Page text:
Both individual and group projects depending on the class.

Career service
Resume reviews, mock interviews, and access to Columbia's career services website where lots of jobs are posted for on and off campus interviews. It's pretty much up to you to find yourself jobs with the great resources Columbia gives you. I didn't have a problem, but there were plenty of students who did in the horrific job market of 2009.

Can you comment on the social interaction between students of different ethnics, nationalities in the program?
The main nationalities are China, India, France - but I think there are more Americans this year since they took a bunch of Columbia undergrads. A lot of the time everyone sticks to what they know and hang out with people from where they're from, but everyone is generally friendly with each other.

What do you like about the program?
The flexibility of the program and the Columbia name in the industry are the best things about it. Another great thing was the access to top practitioners in the field. And also you can choose to make it either two semesters or three with a summer internship in between.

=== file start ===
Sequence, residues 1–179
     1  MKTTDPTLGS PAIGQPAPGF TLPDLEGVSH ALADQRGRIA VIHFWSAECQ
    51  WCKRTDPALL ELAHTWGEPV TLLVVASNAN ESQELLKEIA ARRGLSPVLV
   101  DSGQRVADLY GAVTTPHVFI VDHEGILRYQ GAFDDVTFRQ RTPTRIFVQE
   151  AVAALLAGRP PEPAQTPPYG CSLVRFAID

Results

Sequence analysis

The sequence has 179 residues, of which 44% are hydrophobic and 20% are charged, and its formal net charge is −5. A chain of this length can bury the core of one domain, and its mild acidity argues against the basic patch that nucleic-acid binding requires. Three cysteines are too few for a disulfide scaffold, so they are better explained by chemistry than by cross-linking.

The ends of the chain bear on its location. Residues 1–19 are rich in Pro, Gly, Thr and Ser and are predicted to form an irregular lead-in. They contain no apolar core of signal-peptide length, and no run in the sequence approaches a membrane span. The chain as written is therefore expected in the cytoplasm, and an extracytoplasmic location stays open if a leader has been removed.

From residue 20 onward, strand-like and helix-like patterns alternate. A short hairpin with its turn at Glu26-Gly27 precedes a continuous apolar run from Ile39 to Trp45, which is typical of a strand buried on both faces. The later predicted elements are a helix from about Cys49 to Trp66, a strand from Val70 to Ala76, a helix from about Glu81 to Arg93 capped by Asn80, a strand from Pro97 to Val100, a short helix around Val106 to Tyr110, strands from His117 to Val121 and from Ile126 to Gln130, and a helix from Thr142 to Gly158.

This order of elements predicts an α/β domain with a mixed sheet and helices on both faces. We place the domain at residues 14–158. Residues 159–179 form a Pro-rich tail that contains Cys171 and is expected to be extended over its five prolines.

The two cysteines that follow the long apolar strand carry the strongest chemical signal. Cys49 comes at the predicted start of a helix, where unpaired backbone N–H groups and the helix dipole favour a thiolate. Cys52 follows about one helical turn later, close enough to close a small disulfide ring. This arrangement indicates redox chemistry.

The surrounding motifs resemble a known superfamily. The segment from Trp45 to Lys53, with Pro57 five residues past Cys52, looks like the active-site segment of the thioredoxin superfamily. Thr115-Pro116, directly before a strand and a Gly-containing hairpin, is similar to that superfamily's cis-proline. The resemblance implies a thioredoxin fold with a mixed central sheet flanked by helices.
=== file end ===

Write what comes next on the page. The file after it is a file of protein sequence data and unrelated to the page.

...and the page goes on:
What DON’T you like about the program?
It's expensive, but then again not the most expensive and you of course make back all the money you spend and more in the first half year of work after you leave the program.
Suggestions for the program to make it better
Tough question. Maybe allow students to opt out of the deterministic models course in favor of a second stochastics course.

What are your current job status? What are you looking for?
Working as a derivatives trader at a top desk in a large global bank, which was exactly what I wanted.

Other comments
If given the choice again for choosing between NYU, LSE, Stanford, and Columbia MSOR, I would choose Columbia MSOR again without question.